Ask a Question

This assignment is designed to encourage participation in on-line discussions. Each week, I want you to:

  • Ask a question
  • Answer a question
  • Behave in a civil, friendly manner

Secondary goals might be to:

  • Provide a useful technical tip or link
  • Thank someone for providing help

Here is a quick video about how to create new questions and how to reply to existing questions.

There is no penalty for providing a wrong answer to a question so long as you are trying to help. My goal is promote participation in the discussion area. So long as you are doing so in the proper spirit, then that is all I ask, all I want to see. There are no dumb questions, and no penalty for accidentally providing a wrong answer.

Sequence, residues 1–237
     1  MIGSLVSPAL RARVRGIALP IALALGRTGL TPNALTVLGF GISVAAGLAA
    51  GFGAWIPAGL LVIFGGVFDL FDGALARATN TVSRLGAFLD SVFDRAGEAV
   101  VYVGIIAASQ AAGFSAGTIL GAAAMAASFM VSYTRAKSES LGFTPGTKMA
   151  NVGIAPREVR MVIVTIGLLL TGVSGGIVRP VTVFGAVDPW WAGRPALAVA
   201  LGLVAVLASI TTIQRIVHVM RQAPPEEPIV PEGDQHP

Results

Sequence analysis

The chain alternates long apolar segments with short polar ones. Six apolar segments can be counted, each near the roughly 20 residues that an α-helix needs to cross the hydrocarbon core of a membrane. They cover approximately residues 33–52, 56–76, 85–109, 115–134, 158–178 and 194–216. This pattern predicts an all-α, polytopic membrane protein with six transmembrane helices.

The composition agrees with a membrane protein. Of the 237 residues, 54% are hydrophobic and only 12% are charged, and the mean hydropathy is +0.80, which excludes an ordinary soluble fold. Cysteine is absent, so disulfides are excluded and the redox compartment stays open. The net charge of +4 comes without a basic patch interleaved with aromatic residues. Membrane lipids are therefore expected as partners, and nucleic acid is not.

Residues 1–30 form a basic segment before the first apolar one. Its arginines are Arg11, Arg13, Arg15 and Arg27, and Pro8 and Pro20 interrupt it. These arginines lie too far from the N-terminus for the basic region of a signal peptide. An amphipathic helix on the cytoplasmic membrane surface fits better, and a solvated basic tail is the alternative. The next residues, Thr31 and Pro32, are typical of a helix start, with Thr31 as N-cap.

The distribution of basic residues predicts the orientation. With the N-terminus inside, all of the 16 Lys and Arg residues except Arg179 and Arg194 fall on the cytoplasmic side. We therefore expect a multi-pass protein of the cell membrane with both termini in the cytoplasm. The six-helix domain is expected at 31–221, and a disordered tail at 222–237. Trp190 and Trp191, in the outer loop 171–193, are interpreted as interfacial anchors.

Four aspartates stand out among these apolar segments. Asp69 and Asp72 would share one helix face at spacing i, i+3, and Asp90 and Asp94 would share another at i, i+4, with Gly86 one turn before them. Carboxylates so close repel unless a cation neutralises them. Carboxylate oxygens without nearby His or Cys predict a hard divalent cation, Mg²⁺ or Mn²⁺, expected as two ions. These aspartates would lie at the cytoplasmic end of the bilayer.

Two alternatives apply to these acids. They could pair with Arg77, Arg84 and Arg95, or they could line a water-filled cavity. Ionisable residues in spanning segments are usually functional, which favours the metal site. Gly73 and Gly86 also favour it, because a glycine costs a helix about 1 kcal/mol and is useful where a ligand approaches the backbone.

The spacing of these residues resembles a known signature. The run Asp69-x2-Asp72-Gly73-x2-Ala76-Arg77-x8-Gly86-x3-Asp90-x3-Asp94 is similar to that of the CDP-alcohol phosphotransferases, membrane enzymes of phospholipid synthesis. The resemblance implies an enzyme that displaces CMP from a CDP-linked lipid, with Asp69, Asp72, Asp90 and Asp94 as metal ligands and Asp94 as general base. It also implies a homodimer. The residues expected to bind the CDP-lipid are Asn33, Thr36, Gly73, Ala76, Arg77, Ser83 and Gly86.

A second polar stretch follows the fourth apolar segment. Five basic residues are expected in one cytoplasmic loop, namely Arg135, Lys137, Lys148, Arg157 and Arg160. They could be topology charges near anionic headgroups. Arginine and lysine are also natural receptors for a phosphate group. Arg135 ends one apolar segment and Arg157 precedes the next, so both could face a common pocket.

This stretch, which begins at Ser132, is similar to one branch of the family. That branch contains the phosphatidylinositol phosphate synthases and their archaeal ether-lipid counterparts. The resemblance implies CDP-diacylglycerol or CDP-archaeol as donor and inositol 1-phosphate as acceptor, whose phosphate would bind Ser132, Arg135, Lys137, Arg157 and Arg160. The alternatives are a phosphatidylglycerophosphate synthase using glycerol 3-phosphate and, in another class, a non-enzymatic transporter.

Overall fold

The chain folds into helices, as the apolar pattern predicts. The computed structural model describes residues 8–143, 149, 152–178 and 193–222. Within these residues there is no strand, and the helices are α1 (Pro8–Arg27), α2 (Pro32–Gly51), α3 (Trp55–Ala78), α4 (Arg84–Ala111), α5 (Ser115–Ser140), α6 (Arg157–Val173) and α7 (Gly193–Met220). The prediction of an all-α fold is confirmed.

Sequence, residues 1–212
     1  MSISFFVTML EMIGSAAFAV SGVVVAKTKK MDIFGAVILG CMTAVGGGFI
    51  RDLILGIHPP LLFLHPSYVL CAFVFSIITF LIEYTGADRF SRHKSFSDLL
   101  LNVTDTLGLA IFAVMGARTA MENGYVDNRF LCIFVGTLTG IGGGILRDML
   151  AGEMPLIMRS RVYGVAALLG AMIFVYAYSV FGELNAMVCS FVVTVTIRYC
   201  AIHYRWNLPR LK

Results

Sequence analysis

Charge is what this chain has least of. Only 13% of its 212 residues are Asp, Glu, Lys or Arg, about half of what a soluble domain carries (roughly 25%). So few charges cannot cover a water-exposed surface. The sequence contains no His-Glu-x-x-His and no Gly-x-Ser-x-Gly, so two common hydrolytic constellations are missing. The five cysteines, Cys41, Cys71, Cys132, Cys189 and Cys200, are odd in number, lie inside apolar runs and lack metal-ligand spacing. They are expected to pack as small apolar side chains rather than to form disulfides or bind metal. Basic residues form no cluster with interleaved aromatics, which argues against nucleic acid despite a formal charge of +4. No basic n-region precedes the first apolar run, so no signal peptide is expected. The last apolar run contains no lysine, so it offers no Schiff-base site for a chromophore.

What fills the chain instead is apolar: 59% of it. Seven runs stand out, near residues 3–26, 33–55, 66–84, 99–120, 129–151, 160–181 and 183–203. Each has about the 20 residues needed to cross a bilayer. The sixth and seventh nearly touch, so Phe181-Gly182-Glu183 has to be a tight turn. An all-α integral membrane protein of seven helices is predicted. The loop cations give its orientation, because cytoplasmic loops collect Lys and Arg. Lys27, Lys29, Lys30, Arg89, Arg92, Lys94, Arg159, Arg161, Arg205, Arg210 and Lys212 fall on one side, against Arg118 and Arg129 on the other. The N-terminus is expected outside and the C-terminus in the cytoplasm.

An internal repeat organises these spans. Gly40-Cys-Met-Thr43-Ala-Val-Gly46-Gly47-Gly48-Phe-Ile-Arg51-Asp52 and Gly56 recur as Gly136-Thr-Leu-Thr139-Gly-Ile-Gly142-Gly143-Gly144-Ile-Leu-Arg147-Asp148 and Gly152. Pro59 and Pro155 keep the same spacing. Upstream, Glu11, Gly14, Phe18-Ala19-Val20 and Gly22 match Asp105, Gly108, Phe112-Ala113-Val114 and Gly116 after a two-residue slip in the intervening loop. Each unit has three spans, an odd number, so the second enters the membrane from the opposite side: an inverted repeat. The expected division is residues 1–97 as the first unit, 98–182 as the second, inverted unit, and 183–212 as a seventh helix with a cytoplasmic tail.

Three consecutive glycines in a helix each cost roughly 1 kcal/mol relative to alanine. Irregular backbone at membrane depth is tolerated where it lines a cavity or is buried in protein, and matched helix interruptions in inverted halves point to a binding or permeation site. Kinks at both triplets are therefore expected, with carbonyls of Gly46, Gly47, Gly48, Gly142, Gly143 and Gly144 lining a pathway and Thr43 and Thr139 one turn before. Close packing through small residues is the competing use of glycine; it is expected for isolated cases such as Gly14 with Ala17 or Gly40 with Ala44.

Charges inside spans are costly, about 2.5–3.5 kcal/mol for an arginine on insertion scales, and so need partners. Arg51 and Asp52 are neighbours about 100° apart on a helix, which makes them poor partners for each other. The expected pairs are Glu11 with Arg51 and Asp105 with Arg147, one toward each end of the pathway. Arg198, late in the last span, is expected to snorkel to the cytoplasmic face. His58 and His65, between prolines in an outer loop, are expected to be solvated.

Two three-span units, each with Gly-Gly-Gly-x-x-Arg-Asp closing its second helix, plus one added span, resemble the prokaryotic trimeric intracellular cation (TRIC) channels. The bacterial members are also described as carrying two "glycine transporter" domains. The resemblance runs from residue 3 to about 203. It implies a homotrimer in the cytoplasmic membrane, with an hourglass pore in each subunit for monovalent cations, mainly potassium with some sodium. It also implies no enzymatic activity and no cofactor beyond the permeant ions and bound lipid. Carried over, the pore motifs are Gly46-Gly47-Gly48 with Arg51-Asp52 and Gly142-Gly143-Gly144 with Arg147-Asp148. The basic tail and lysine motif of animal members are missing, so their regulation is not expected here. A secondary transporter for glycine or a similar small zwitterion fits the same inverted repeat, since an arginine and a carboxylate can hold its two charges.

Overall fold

Get it Done

The big difference between an advanced programmer and one who is still learning is that advanced programmers get things done. It doesn’t matter how we get things done, only that we get things done. If we have to ask a lot of questions along the way, then that is one thing. Failing to achieve our goal is another. In professional environments in big companies, I’ve seen successful developers who are just brilliant at getting answers to their questions. As a result, they get things done. Nobody remembers the questions, all they know is that someone gets things done!

A manager will work hard to find a good niche for someone who gets things done. They aren’t always looking for genius or for years of experience, they want competence. Hard workers with a controlled ego who get things done. If someone with a soaring IQ comes along, then that is nice, but that is not the only way to be a valued employee.